Officials of the Food and Agriculture Organisation (FAO) have commended Nigeria for its strides toward becoming a full-fledged ‘‘Reduced Emissions from Deforestation’’ (REED) and forest project nation.
Marieke Sandker, FAO Forest Officer and Forest Reference Level (FRL) Technical Officer in Rome, gave the commendation at a workshop on ‘‘Reference Emission Level, Methodology and Submission’’ in Abuja.
She said participation in REED+Forest Reference Emission Level and/or Forest Reference Level was one of the elements countries needed to develop to partake in REDD+.
‘‘Nigeria and 34 other countries, which include Tanzania, Brazil, Chile, Costa Rica, the Democratic Republic of Congo, Ghana, Guyana, Mexico, Nepal, Mozambique and Ghana, have complied with the dynamic process.’’
Sandker lauded government and non-governmental stakeholders for reviewing the document, which she said had been submitted to the UN-REDD Policy Board (UPB) for further action.
She stated that the document was being examined to determine what inputs to generate the needed level of emission.
The officer noted that the review of the document had become imperative because it would be submitted to the United Nations Framework Convention on Climate Change (UNFCCC) for further deliberation.
Sandker stated that UNFCCC had defined the FREL/FRLs as benchmarks for assessing each country’s performance in implementing REDD+ activities.
The UNFCCC is an international environmental treaty adopted on May 9, 1992 and opened for signature at the Earth Summit in Rio de Janeiro, Brazil from June 3 to 14, 1992.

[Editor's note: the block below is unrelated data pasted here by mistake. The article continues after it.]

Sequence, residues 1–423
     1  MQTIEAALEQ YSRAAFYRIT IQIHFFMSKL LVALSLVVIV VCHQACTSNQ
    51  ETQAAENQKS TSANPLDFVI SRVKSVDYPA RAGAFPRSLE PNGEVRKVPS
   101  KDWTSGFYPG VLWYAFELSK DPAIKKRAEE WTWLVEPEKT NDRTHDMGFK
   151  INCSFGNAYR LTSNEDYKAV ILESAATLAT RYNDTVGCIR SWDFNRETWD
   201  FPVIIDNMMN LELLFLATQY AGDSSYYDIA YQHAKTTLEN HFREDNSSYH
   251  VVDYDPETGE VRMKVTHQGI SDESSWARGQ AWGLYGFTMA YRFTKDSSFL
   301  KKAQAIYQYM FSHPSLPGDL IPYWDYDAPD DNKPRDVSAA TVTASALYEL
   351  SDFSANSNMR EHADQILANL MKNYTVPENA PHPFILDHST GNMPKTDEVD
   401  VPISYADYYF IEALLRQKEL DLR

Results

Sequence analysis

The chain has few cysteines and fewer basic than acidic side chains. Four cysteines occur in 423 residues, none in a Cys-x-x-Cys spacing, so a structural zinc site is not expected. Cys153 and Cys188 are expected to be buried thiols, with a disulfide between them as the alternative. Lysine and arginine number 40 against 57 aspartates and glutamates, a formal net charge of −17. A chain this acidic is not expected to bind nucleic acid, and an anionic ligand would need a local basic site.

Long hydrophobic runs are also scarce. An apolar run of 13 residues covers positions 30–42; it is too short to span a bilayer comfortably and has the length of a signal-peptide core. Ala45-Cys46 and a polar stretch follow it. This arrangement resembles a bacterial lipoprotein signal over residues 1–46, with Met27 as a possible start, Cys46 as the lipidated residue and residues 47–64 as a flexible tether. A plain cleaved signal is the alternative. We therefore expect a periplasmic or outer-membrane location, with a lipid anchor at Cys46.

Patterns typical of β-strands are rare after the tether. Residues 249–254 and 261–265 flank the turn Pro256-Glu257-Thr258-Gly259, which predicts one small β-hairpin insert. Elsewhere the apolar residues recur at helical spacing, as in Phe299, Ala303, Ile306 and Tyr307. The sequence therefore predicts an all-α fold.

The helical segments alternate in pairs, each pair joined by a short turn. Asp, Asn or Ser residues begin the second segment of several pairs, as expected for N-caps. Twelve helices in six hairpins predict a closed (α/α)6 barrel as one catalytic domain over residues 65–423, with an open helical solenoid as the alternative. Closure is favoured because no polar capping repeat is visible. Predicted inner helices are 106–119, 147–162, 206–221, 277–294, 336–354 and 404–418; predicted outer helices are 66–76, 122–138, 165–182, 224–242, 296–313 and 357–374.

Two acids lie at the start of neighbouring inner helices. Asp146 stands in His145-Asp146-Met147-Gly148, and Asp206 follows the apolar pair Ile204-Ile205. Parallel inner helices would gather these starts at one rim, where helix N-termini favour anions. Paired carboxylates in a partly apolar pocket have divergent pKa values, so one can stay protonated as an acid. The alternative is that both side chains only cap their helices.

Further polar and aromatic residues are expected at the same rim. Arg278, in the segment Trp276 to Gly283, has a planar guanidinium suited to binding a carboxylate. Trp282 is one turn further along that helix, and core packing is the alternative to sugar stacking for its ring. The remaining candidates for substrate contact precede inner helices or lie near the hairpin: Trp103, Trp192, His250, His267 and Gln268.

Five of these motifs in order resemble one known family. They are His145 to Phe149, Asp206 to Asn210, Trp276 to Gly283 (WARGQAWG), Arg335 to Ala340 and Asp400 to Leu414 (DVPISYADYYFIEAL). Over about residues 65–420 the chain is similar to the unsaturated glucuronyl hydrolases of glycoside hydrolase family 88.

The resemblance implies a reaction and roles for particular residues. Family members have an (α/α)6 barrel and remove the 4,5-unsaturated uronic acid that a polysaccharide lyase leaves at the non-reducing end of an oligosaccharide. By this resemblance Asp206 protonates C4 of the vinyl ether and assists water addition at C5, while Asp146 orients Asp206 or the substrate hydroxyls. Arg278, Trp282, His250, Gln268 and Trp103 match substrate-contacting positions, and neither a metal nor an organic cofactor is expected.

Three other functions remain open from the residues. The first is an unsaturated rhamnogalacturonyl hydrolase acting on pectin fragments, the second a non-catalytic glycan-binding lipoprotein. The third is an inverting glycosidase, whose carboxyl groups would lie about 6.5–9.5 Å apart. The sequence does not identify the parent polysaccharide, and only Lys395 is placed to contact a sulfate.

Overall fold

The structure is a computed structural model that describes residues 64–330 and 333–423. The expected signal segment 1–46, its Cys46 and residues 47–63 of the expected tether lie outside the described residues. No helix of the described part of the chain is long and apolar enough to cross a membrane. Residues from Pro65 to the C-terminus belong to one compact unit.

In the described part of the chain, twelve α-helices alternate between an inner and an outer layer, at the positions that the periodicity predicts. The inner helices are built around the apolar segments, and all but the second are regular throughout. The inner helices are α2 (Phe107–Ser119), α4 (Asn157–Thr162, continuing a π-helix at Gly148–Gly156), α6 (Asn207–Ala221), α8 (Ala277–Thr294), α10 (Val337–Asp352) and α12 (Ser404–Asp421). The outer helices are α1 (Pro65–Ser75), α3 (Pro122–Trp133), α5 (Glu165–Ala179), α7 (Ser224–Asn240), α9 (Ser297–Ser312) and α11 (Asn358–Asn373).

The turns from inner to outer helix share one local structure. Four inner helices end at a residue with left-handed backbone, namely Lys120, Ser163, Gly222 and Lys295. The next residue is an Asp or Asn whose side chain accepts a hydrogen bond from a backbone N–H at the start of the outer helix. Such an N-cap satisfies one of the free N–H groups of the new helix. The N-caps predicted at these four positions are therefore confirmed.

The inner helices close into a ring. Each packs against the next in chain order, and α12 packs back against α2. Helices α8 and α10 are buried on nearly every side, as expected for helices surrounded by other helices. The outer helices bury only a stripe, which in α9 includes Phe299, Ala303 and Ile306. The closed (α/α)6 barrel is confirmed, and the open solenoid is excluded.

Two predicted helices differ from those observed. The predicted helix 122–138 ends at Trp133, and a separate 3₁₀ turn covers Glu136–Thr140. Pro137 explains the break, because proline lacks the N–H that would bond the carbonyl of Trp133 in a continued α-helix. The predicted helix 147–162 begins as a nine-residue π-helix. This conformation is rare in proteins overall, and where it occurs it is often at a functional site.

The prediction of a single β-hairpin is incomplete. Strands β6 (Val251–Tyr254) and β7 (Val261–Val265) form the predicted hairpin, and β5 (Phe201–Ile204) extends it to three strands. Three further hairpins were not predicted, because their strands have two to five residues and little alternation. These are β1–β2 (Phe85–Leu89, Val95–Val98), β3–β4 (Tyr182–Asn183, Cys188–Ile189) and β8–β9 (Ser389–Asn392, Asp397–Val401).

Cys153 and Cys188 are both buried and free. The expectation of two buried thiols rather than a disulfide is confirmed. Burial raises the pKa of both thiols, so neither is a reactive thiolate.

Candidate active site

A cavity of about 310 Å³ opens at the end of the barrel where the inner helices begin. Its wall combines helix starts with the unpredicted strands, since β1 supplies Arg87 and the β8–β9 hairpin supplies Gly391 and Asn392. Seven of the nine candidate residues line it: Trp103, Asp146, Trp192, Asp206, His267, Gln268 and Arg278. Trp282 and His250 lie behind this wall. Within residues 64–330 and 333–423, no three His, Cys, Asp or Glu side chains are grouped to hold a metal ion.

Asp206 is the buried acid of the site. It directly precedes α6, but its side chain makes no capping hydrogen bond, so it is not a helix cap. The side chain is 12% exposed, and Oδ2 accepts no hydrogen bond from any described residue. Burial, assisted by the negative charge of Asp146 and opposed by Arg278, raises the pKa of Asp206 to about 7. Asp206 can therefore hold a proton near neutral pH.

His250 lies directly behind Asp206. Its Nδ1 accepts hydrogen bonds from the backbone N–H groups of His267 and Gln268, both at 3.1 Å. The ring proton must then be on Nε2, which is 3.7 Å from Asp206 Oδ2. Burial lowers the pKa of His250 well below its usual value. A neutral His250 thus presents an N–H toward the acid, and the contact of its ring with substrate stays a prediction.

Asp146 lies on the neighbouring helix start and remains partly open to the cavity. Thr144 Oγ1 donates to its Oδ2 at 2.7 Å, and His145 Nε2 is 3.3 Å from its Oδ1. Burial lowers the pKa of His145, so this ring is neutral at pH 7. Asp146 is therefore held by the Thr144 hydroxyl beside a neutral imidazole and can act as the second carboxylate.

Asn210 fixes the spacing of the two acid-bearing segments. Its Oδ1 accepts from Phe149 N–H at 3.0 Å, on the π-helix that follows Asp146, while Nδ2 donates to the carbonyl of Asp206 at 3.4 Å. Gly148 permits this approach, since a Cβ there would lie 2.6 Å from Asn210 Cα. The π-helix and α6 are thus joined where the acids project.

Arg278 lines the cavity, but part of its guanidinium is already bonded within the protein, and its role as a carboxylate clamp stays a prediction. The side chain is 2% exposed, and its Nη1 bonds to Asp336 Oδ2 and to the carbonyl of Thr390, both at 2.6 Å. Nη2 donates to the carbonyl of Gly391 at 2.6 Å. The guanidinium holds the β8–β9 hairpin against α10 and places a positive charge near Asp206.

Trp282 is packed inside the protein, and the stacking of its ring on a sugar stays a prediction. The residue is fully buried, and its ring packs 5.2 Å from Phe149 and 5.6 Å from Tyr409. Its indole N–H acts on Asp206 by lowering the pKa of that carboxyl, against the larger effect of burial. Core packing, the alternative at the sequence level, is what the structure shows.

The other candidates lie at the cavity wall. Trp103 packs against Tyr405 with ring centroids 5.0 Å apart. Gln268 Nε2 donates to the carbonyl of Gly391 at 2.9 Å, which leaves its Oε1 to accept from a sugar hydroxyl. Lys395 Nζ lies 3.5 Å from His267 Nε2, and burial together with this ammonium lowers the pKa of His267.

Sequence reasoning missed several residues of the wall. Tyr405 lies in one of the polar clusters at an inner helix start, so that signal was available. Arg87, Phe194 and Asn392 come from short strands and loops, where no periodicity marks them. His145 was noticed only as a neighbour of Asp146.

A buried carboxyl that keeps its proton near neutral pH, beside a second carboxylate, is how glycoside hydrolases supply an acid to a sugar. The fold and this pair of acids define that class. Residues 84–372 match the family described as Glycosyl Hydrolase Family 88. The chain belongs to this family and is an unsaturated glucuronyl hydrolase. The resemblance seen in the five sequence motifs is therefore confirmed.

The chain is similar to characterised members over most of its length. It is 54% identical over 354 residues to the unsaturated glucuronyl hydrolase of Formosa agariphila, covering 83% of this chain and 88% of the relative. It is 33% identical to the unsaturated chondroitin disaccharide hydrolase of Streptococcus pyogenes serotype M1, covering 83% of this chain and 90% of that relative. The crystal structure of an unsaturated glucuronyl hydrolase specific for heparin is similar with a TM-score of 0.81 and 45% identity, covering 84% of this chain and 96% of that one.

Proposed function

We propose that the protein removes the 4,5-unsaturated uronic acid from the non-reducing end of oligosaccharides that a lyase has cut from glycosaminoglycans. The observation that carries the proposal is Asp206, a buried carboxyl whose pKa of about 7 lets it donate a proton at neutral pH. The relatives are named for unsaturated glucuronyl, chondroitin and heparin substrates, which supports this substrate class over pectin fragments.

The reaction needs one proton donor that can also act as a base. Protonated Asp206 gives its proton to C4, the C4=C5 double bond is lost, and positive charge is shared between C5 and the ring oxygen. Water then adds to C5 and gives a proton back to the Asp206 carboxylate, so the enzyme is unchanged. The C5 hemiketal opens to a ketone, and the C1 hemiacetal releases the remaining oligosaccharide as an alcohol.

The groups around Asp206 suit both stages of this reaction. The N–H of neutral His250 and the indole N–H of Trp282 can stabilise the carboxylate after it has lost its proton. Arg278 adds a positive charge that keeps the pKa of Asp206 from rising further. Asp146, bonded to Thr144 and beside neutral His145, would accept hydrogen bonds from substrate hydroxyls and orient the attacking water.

Mr Jonathan Robberts, Forest Expert, FAO, Roam, noted that Nigeria had been pro-active in meeting the country’s obligations to the UNFCCC.
He recalled that the United Nations adopted the Framework Convention on Climate Change in 1992 “With the realisation of the potential dangers of global warming and the consequent socio-economic implications to the whole world.
‘‘The objective of the Convention is to stabilise greenhouse gas concentrations in the atmosphere at a level that would prevent dangerous anthropogenic interference with climate system.’’
He said due to the implications of the convention’s decisions, REDD+ had enumerated five eligible activities that developing countries must implement to reduce emissions and enhance removals of greenhouse gases.
The activities include reducing emissions from deforestation, reducing emissions from forest degradation, conservation of forest carbon stocks, sustainable management of forests and enhancement of forest carbon stocks.
Roberts explained that the workshop was working toward submitting a clean note to the UNFCCC.
Mr John Fonweban, FAO Forest officer REED+ Programme, said that FAO was determined to develop a National Forest Monitoring System (NFMS) capable of measuring the status and evolution of forest resources in compliance with the requirements of the UNFCCC for Nigeria.
He said that the goal of FAO on the programme was to enable Nigeria to contribute to climate change mitigation through improved forest conservation and enhancing sustainable community livelihoods.
Fonweban said the organisation had embarked on this by using Cross River as a demonstration model with the building of a REDD+ mechanism in the state.
‘‘The programme is structured in four outcomes; two at the federal level and two focusing on Cross River State,’’ he said.